‘Respite’ or ‘respite care’ is when someone else takes care of the person you care for, so that you can have a break. Respite can also be beneficial for the person you care for so they can have a break from their routine. A break can give you time to do everyday activities or just to relax, deal with stress and look after yourself.

Carer Gateway is a national online and phone service that provides practical information and resources to support carers. The interactive service finder helps carers connect to local support services. To find out more phone 1800 422 737 (free call, Monday to Friday, 8am to 6pm).

Carers Queensland is the peak body representing and advocating on behalf of carers throughout Queensland. Carers Queensland provides a range of support and accredited training for carers.

Arafmi Queensland supports those who care for, or about, someone with a mental illness. It offers phone support, counselling, family respite, support group meetings and workshops for carers. To find out more call (07) 3254 1881 (24 hours).

Information about support available for veterans’ families is available from the Department of Veterans Affairs.

Commonwealth Home Support Program helps senior Australians access entry-level support services to live independently and safely at home. It works with you to maintain your independence rather than doing things for you. For more information phone My Aged Care on 1800 200 422.

My Aged Care provides information and advice about disability, aged care and other support services for people over 65 and their carers. To find out more call the Commonwealth Aged Care Information Line on 1800 200 422.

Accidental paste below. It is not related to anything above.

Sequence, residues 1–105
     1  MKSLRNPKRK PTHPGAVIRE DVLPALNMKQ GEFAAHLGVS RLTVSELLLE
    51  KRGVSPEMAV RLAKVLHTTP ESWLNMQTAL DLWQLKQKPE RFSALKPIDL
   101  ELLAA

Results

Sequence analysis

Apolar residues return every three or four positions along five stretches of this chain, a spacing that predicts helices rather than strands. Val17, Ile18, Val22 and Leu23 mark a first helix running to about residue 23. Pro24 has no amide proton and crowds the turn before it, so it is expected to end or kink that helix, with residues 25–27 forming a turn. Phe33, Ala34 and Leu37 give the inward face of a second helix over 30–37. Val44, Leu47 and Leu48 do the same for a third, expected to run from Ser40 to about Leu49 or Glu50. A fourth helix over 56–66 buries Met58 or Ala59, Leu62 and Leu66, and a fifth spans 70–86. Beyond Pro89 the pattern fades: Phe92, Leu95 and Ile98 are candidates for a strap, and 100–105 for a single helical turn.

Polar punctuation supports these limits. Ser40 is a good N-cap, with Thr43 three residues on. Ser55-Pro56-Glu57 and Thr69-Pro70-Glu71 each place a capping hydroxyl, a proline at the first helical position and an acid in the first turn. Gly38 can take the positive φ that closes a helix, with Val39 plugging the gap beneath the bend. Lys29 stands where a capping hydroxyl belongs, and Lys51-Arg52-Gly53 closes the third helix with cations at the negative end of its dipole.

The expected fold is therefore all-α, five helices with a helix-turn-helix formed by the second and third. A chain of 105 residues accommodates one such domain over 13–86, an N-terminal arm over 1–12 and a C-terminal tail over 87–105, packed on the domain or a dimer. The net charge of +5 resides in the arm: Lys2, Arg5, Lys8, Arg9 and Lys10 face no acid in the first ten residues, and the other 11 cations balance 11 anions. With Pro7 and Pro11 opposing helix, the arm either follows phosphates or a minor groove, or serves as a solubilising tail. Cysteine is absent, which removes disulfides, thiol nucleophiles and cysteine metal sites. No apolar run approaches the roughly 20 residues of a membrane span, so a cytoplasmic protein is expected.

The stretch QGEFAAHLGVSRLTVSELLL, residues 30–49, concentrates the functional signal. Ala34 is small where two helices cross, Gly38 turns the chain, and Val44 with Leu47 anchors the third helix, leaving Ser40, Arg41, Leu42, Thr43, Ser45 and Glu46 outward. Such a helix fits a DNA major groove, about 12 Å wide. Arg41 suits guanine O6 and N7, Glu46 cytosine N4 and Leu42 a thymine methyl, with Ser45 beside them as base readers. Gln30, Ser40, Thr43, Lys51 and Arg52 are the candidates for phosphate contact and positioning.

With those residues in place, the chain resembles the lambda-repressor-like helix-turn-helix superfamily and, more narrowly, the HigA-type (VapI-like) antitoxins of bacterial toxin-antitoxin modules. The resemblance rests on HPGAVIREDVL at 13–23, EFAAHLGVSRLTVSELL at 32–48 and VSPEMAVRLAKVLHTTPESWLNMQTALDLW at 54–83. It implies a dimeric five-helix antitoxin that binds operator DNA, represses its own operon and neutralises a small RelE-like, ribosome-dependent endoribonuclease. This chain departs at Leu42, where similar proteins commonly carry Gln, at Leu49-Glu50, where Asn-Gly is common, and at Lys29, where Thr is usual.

Queensland Community Care can help people with disability under 65 years of age (and Aboriginal and Torres Strait Islander People under 50 years of age) with services provided in the community and in your home. Phone Community Access Point on 1800 600 300.

Livewire is an online community enabling parents and carers of people living with a disability, serious illness or chronic health condition to connect and support one another via the internet.

If you are an older carer, there may be assistance available for the person in your care or for you. Options include in-home support, centre-based respite and community-based support. In some locations, emergency respite and other flexible respite options may be available. Older carers of adult sons and daughters have usually been caring for a long time and often continue their caring role as they themselves age. As this occurs, it is natural—and necessary—for older carers to need some regular respite and support and to start thinking about planning for the future.

Young carers may require different support, compared to their older caring peers. Find out where to get support if you are a young carer under 25. Additionally, Carers from culturally and linguistically diverse backgrounds may also have different support needs. Carers Queensland offers a CALD program (PDF) which helps eligible people from culturally and linguistically diverse backgrounds and their families to receive culturally-appropriate home and community care (HACC) services. Multicultural service coordinators ensure the services match client needs. Phone 1800 242 636.

Finding out you are not alone in your situation can do wonders for your wellbeing. One way of connecting with others is to join a self-help group, where people come together to support each other and share information. Self Help Queensland can help you find a group in your area. Phone (07) 3344 6919 or email.

Caring for a person with mental illness can be challenging, depending on the severity of the illness. Find out how to support yourself while supporting others. If are feeling down or overwhelmed, you can also contact:
– Lifeline on phone 13 11 14 or access their online crisis support chat– beyondblue on phone 1300 224 636, web chat (from 3pm to midnight, 7 days) or email– your GP
– family or friends.